Born female means no matter how much she wishes to be a knight, Gwendolyn Barnes is expected to become a wife and a mother, hopefully to the political benefit of her parents. When the plans of her domineering father to wed her to a brutish man come to light, Gwendolyn must fight for herself or utterly surrender. In her struggle she finds an unexpected ally in a handsome newcomer, a man seeking his place in the world and instead finds Gwendolyn.
I couldn't hold an interest in this book. It's not necessarily poorly written, though it could use a little polishing for less of a "checking off the plot points" feeling. It just utterly failed to compel or engage me in any way.
I may also be the wrong audience for this. It's supposedly Young Adult, but had more of a Middle Reader feel. I can see someone 8 to 10 really liking this book.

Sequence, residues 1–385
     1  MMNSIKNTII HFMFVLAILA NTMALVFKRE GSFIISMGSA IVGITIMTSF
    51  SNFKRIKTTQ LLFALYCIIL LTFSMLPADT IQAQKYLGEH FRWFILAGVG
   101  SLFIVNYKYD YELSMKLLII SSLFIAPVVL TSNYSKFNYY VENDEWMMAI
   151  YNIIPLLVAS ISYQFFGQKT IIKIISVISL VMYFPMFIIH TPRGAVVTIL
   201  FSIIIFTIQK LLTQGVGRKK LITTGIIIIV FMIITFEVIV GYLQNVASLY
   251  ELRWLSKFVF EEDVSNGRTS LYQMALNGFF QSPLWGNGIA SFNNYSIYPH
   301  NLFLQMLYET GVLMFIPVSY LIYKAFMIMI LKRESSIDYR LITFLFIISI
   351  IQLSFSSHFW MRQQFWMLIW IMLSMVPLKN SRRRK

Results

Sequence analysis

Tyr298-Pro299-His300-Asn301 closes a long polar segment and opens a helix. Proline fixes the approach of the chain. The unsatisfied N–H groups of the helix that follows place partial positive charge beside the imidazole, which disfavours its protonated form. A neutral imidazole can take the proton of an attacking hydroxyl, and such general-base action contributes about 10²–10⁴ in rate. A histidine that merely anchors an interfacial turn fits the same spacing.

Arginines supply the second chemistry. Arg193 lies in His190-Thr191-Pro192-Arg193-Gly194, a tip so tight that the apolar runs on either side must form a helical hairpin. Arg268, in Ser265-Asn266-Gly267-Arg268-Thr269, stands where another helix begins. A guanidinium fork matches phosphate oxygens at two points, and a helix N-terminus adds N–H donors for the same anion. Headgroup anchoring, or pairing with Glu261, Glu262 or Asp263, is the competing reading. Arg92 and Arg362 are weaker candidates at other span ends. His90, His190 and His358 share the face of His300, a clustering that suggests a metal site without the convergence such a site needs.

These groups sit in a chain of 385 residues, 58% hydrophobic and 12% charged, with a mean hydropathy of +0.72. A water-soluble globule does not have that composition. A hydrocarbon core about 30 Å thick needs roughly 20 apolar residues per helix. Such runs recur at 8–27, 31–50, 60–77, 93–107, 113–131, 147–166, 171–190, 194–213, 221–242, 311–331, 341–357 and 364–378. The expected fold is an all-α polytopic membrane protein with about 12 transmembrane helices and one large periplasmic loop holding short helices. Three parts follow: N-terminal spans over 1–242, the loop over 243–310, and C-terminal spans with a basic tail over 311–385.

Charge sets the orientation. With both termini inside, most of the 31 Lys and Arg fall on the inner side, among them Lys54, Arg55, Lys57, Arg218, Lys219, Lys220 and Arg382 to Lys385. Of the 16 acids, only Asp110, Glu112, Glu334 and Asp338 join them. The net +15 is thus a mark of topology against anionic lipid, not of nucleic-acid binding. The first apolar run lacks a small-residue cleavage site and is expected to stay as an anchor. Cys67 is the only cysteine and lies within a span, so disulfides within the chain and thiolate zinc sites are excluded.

It may also be worth noting that this is Christian fiction, something I was completely unaware of when I requested it. This is my fault, I didn't read the publisher description beforehand, which clearly states that religious fiction is their thing:
"Recognized as the industry leader in inspirational fiction, we publish many of the top names in historical and contemporary romance, Amish and Mennonite fiction, romantic suspense, and many other fiction subgenres. Our nonfiction encompasses a variety of subjects, including Christian living, family resources, theology, heaven, and many more."Generally Christian fiction fails to interest me, but I can honestly say that the book lost my interest in the early chapters before faith even really enters the picture (besides the introduction). So it really wasn't the religious/"inspirational" aspect of the story that disengaged me from the book. However, this might be something that elevates the read to someone else.
Advanced Reader Copy copy courtesy of Bethany House via NetGalley; differences may exist between uncorrected galley text and the final edition.